The kitchen sink is no longer safe with Asus on the prowl for things to give their motherboards an edge at the high end.  Lucid Hydra, Intel Gig-E controller, Firewire, HD sound, USB 3.0, overcloking settings galore, e-SATA and SATA 6G.  All there and accounted for.

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A direct comparison of size and layout against the MSI 890FXA-GD70.  Surprisingly similar.

The design could not all be fit in a standard size ATX board, so they expanded it a little.  It is not quite E-ATX size though, so it should still fit in a large majority of standard ATX cases.  The color scheme is the same red and black motif that has populated ROG boards for some time now.  The build quality is excellent.  Stability has not been a problem in all of my testing.

Overclocking was again excellent, and it matched the slightly more simple Formula edition of the board.  This is fairly impressive considering the design rework that had to be done to get Hydra onboard and working (not to mention stable as well at those speeds).  Expansion capabilities are also very impressive with the 5 full PCI-E slots (with at least one of them being used for a PCI-E RAID card).  A single PCI slot remains to house components like sound cards that have not migrated to PCI-E yet.

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Here is the MSI board all snug in a case.  Note the amount of space between the right edge of the board and the case fans.

I honestly have no complaints about this board, except for the slightly noisy northbridge fan.  Again, it is barely noticeable when the case is closed up, but in a watercooling situation it might actually make itself known.  It is slightly larger than a standard ATX board, but I tried fitting it into a couple of cases and I found no spacing issues on even the older ones.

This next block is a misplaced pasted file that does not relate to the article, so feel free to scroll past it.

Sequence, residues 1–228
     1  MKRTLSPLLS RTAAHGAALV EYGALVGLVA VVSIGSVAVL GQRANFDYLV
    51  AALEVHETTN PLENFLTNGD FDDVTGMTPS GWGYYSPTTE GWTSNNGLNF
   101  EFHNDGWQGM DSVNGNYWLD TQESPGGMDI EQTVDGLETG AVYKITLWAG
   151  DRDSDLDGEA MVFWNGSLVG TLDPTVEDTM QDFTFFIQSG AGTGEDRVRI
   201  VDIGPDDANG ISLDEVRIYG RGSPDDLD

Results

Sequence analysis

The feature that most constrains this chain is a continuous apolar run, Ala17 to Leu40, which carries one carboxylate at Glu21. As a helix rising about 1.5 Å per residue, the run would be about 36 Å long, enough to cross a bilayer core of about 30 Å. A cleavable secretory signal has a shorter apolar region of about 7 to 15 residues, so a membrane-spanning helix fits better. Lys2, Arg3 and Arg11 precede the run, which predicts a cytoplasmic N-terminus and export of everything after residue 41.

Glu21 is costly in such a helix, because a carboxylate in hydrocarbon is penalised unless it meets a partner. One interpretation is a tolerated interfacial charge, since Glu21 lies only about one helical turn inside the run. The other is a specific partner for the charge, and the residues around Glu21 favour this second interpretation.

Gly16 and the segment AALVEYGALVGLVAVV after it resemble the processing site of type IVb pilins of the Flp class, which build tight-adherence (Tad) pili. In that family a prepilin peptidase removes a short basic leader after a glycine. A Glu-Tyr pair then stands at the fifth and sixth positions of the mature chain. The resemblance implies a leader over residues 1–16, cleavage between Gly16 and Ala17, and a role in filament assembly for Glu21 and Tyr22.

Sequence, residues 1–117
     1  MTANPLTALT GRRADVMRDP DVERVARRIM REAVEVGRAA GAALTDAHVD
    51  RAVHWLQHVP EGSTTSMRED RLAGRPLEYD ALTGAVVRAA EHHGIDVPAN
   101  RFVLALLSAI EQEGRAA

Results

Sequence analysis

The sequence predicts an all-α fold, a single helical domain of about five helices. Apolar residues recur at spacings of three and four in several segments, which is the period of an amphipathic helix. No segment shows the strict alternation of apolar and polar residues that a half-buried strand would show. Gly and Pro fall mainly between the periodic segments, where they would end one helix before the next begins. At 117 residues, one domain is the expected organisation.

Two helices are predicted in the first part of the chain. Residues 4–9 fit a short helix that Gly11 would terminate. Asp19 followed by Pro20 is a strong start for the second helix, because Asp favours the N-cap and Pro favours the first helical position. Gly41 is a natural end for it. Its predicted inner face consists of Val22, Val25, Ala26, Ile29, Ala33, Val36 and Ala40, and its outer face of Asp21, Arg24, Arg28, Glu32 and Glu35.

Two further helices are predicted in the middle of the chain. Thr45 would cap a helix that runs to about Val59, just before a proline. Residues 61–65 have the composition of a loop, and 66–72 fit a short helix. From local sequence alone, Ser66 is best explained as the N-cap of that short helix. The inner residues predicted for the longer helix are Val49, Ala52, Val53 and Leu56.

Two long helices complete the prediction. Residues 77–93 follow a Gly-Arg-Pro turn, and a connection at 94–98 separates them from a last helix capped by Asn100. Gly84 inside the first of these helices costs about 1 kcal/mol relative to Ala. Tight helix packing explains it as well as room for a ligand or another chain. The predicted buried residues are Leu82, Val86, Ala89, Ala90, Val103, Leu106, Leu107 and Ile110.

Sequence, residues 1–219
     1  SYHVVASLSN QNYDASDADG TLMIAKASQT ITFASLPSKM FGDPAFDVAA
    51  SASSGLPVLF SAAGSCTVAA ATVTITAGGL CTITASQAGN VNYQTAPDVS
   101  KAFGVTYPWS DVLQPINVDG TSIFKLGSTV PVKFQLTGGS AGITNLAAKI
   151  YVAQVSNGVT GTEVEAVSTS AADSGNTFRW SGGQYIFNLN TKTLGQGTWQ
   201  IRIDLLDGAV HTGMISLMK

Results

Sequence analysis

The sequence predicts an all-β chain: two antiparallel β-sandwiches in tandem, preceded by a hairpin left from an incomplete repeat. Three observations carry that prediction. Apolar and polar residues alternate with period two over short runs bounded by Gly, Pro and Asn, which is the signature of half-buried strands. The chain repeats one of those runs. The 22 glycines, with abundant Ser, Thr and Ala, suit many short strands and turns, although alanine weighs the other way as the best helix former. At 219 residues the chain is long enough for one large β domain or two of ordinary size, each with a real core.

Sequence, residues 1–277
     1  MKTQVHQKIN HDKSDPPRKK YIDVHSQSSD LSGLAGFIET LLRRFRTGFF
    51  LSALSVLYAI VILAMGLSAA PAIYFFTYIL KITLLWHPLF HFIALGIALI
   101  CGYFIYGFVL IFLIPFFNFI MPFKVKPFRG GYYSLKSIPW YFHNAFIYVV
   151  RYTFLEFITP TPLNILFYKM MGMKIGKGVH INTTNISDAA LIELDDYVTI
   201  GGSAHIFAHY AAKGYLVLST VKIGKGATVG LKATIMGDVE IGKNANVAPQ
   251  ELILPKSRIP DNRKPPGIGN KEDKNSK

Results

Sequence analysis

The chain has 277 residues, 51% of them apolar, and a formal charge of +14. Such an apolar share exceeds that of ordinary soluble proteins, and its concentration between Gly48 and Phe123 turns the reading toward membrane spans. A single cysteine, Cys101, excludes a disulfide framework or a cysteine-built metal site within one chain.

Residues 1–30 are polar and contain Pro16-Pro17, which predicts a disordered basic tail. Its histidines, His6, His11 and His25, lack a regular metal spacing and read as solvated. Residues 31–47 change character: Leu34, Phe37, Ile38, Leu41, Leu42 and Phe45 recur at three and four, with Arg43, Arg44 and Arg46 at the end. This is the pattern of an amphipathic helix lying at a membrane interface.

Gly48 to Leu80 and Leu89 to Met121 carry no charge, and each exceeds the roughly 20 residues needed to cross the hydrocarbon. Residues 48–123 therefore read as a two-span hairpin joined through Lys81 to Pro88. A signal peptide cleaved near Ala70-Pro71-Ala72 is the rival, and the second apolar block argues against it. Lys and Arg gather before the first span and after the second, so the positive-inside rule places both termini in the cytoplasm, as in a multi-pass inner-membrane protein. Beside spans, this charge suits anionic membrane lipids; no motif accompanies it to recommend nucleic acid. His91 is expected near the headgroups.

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Now a shot of the CHIV Extreme in the same case.  It is tighter up against hte fans, but still plenty of space for swapping out cables.

Asus makes a pretty mean board, and by using the Hydra controller it is allowing multi-GPU with NVIDIA cards on the AMD platform to continue.  Eventually the older NVIDIA 980 and 750 SLI chipsets will go away, and when that happens then it is unlikely that NVIDIA will grant AMD a SLI license for their chipsets.  Asus and MSI are both investing a lot into Hydra, and with an entity the size of Asus on board, we can expect to see much better driver support and improved performance over the next several months.  We have already seen Lucid increase its driver release rate in the past six months with all of the support (and pushing) they are likely getting from these large manufacturers.  While it is certainly not a perfect technology, we have seen enough cases where it makes a positive impact to be well worth a second look when buying motherboards.

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A high end board which delivers on features and performance, though the price will sway some users to look at other options.

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